CHAPTER X  THE TRAGEDY OF THE BOATS

    When the fog lifted after midnight the people in the long boat saw the quarter-boat half a mile to starboard of them.

    "Can you see the dinghy?" asked Lestrange of the captain, who was standing up searching the horizon.

    "Not a speck," answered Le Farge. "Damn that Irishman! but for him I'd have got the boats away properly victualled and all; as it is I don't know what we've got aboard. You, Jenkins, what have you got forward there?"

    "Two bags of bread and a breaker of water," answered the steward.

    "A breaker of water be sugared!" came another voice; "a breaker half full, you mean."

    Then the steward's voice: "So it is; there's not more than a couple of gallons in her."

    "My God!" said Le Farge. "Damn that Irishman!"

    "There's not more than'll give us two half pannikins apiece all round," said the steward.

    "Maybe," said Le Farge, "the quarter-boat's better stocked; pull for her."

    "She's pulling for us," said the stroke oar.

    "Captain," asked Lestrange, "are you sure there's no sight of the dinghy?" "None," replied Le Farge.

    The unfortunate man's head sank on his breast. He had little time to brood over his troubles, however, for a tragedy was beginning to unfold around him, the most shocking, perhaps, in the annals of the sea--a tragedy to be hinted at rather than spoken of.

    When the boats were within hailing distance, a man in the bow of the long-boat rose up.

   "Quarter-boat ahoy!"

   "Ahoy!"

   "How much water have you?"

   "None!"

    The word came floating over the placid moonlit water. At it the fellows in the long-boat ceased rowing, and you could see the water-drops dripping off their oars like diamonds in the moonlight.

    "Quarter-boat, ahoy!" shouted the fellow in the bow. "Lay on your oars."

    "Here, you scowbanker!" cried Le Farge, "who are you to be giving directions--"

    "Scowbanker yourself!" replied the fellow. "Bullies, put her about!"

    The starboard oars backed water, and the boat came round.

    By chance the worst lot of the *Northumberland*'s crew were in the long-boat veritable--"scowbankers" scum; and how scum clings to life you will never know, until you have been amongst it in an open boat at sea. Le Farge had no more command over this lot than you have who are reading this book.

    "Heave to!" came from the quarter-boat, as she laboured behind.

    "Lay on your oars, bullies!" cried the ruffian at the bow, who was still standing up like an evil genius who had taken momentary command over events.

    "Lay on your oars, bullies; they'd better have it now."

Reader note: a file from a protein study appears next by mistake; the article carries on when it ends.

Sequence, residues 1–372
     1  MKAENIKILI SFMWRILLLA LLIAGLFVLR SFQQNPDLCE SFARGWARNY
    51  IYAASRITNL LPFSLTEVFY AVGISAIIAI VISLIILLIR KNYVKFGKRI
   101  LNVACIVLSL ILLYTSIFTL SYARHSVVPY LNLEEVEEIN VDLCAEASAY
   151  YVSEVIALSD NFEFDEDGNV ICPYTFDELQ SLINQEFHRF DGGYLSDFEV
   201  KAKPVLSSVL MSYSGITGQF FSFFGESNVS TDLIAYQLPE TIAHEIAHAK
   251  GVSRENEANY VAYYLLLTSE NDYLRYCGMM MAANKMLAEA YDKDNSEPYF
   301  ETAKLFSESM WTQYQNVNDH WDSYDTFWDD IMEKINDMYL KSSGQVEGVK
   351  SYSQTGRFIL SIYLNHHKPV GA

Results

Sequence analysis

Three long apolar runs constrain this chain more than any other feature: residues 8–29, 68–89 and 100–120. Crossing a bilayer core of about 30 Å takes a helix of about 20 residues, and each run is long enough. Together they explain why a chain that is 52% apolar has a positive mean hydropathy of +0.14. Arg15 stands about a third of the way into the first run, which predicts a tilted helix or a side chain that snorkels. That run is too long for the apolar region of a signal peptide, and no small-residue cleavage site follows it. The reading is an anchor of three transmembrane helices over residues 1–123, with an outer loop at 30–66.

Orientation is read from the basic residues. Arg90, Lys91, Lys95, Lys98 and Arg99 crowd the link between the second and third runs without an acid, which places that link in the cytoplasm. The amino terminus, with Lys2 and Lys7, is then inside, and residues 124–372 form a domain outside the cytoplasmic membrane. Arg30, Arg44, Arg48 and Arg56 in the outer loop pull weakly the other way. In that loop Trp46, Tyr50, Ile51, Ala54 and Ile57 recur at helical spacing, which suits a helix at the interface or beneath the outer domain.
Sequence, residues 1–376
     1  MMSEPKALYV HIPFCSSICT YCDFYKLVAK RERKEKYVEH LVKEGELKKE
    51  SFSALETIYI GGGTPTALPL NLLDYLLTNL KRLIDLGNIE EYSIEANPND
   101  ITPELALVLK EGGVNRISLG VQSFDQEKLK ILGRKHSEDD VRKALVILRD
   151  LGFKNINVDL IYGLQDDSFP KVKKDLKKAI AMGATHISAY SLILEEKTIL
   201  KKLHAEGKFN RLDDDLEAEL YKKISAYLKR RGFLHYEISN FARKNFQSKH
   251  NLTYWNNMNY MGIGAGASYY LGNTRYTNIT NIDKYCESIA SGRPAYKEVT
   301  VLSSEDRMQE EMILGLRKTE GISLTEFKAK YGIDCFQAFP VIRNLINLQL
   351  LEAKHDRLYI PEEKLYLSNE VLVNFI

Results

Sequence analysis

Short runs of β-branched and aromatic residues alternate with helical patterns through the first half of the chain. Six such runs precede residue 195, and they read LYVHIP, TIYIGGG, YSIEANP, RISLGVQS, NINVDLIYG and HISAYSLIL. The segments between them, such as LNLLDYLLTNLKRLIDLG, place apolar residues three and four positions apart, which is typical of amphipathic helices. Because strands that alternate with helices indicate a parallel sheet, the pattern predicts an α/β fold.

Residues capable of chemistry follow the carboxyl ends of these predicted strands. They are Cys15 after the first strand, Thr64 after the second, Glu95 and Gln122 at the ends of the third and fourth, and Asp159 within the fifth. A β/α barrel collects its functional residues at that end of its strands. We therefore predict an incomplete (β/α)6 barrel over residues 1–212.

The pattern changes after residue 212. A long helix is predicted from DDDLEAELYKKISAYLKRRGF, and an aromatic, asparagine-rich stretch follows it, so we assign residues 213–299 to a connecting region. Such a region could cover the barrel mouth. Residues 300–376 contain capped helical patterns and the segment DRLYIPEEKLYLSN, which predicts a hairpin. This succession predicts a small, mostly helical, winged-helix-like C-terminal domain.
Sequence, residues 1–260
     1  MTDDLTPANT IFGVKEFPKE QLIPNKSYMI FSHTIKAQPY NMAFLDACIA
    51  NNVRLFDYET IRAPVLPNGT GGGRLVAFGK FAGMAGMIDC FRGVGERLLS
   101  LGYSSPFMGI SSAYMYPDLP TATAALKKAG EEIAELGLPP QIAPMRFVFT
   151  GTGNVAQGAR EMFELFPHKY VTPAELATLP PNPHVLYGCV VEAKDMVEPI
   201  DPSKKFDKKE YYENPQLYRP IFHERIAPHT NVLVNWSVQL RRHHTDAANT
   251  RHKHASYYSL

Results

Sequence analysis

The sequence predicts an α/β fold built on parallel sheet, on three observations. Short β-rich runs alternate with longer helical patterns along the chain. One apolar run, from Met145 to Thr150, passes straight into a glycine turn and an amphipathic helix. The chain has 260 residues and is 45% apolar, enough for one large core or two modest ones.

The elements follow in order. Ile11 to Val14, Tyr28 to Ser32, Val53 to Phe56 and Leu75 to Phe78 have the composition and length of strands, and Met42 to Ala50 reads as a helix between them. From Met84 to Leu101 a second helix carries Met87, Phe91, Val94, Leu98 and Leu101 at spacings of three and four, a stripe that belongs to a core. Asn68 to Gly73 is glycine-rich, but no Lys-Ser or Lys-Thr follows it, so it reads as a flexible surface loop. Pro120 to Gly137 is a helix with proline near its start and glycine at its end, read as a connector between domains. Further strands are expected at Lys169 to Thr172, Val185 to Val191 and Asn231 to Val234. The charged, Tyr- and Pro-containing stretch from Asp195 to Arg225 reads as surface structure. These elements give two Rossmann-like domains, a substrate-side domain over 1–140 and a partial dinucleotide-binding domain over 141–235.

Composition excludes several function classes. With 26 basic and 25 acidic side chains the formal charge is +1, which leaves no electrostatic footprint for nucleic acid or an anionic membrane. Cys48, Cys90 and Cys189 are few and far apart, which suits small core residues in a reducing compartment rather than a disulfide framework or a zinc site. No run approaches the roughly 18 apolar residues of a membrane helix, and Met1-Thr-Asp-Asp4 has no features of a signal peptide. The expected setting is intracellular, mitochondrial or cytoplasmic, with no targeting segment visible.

The quarter-boat in her turn ceased rowing, and lay a cable's length away.

    "How much water have you?" came the mate's voice.

    "Not enough to go round."

    Le Farge made to rise, and the stroke oar struck at him, catching him in the wind and doubling him up in the bottom of the boat.

    "Give us some, for God's sake!" came the mate's voice; "we're parched with rowing, and there's a woman on board!"

    The fellow in the bow of the long-boat, as if someone had suddenly struck him, broke into a tornado of blasphemy.

    "Give us some," came the mate's voice, "or, by God, we'll lay you aboard!"

    Before the words were well spoken the men in the quarter boat carried the threat into action. The conflict was brief: the quarter-boat was too crowded for fighting. The starboard men in the long-boat fought with their oars, whilst the fellows to port steadied the boat.

    The fight did not last long, and presently the quarter-boat sheered off, half of the men in her cut about the head and bleeding--two of them senseless.

*    *    *    *    *    *

    It was sundown on the following day. The long-boat lay adrift. The last drop of water had been served out eight hours before.

    The quarter-boat, like a horrible phantom, had been haunting and pursuing her all day, begging for water when there was none. It was like the prayers one might expect to hear in hell.

    The men in the long-boat, gloomy and morose, weighed down with a sense of crime, tortured by thirst, and tormented by the voices imploring for water, lay on their oars when the other boat tried to approach.

    Now and then, suddenly, and as if moved by a common impulse, they would all shout out together: "We have none." But the quarter-boat would not believe. It was in vain to hold the breaker with the bung out to prove its dryness, the half-delirious creatures had it fixed in their minds that their comrades were withholding from them the water that was not.

    Just as the sun touched the sea, Lestrange, rousing himself from a torpor into which he had sunk, raised himself and looked over the gunwale. He saw the quarter-boat drifting a cable's length away, lit by the full light of sunset, and the spectres in it, seeing him, held out in mute appeal their blackened tongues.

*    *    *    *    *    *

    Of the night that followed it is almost impossible to speak. Thirst was nothing to what the scowbankers suffered from the torture of the whimpering appeal for water that came to them at intervals during the night.

*    *    *    *    *    *

    When at last the *Arago*, a French whale ship, sighted them, the crew of the long-boat were still alive, but three of them were raving madmen. Of the crew of the quarter-boat was saved not one.


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